A POPULAR web service that promises to help people keep their passwords secure has reported hackers may have obtained some user information - although not actual passwords - from its network.
SECURITY experts say it's just another indication that any online information is subject to attack.
LastPass, which makes a program that stores multiple passwords in encrypted form, says it has detected "suspicious activity" on its own computer system.
It says some users' email addresses, password reminders and encryption elements have been compromised.
The company says it has blocked the attack, and its investigation has found no evidence that individual passwords or user accounts have been breached.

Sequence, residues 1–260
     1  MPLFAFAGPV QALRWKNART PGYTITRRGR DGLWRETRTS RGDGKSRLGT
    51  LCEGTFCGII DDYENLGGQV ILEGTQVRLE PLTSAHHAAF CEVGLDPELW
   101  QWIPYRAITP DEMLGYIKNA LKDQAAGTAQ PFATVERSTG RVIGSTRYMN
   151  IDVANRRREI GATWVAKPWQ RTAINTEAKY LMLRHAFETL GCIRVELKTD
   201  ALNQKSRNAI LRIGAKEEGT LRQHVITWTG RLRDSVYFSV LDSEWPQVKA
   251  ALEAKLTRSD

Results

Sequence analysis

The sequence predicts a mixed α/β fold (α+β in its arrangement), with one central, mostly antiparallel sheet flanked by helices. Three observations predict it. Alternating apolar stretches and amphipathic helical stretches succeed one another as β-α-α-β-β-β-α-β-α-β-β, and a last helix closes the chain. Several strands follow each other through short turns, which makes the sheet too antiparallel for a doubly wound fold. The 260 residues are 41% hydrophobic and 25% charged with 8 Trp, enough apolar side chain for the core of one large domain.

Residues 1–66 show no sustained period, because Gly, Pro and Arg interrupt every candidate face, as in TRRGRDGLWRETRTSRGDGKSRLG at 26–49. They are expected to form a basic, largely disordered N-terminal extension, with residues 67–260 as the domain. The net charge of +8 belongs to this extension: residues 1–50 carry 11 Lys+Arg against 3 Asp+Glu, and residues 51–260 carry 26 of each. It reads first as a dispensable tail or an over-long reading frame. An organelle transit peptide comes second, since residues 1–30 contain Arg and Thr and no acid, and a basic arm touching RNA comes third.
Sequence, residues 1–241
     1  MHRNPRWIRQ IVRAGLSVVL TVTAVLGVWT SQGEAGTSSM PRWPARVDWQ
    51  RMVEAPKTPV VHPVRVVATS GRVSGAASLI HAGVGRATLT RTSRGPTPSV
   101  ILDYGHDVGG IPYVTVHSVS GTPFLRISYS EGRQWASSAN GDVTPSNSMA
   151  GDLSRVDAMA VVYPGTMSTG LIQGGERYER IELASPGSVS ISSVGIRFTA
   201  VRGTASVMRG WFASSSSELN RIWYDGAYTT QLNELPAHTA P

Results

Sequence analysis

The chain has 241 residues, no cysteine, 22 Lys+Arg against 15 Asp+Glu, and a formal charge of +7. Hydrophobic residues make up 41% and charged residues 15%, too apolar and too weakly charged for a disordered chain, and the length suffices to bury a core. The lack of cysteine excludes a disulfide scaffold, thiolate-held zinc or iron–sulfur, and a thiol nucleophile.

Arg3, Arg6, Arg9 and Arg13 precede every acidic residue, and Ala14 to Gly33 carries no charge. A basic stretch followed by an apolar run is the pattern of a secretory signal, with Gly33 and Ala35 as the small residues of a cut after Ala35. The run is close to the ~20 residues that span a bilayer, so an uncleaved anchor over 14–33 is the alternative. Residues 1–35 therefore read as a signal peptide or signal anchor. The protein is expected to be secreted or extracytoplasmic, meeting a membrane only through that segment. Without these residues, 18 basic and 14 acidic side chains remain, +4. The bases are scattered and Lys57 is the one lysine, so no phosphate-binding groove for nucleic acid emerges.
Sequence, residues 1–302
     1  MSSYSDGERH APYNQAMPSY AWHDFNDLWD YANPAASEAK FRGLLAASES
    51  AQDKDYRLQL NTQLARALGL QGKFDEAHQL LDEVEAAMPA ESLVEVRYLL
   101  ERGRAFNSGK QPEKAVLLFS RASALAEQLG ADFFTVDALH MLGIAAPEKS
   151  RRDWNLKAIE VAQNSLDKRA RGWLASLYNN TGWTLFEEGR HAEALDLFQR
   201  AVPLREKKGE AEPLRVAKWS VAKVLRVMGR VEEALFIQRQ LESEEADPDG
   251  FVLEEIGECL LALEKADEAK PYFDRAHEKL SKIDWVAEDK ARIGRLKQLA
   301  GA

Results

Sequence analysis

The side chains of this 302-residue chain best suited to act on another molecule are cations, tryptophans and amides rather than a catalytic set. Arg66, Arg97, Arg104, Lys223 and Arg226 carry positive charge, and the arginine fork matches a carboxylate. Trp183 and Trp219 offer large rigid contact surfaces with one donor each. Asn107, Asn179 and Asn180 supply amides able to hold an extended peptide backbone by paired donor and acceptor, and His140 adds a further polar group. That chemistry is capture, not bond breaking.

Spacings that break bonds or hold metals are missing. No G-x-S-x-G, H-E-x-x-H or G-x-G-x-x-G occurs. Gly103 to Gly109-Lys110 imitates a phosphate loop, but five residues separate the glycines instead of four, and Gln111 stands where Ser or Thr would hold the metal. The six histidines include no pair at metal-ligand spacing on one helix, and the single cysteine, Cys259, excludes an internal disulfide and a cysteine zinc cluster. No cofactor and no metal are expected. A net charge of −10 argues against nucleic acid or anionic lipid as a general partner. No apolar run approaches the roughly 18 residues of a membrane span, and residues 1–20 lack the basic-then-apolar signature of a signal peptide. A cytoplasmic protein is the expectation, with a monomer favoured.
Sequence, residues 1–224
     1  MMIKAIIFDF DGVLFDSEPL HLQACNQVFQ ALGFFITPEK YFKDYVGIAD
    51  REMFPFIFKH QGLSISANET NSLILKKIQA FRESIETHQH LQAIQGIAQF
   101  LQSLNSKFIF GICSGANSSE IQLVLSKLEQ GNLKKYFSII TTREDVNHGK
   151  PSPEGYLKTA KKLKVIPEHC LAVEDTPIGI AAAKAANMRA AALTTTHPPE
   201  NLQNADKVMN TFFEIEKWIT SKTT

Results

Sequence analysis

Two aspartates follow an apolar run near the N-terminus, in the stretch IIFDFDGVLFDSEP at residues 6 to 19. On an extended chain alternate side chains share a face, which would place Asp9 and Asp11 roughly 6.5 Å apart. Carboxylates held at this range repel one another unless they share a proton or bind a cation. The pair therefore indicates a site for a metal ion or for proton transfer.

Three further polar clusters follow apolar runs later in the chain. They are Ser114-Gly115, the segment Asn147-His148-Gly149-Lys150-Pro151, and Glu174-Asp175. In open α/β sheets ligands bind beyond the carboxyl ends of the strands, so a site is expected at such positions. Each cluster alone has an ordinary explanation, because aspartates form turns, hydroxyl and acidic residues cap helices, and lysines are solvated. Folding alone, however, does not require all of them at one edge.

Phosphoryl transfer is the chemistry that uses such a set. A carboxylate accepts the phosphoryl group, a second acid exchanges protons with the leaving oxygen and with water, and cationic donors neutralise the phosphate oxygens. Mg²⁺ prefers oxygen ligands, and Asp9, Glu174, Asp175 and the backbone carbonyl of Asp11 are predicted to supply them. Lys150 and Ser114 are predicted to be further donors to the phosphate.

It is advising users to change their LastPass master passwords, which are used to retrieve encrypted individual passwords for the users' other online services or accounts.
But it said they don't need to change individual passwords for all their accounts.
"We are confident that our encryption measures are sufficient to protect the vast majority of users," CEO Joe Siegrist said in a blog post, while apologising to users for the inconvenience of changing their passwords.
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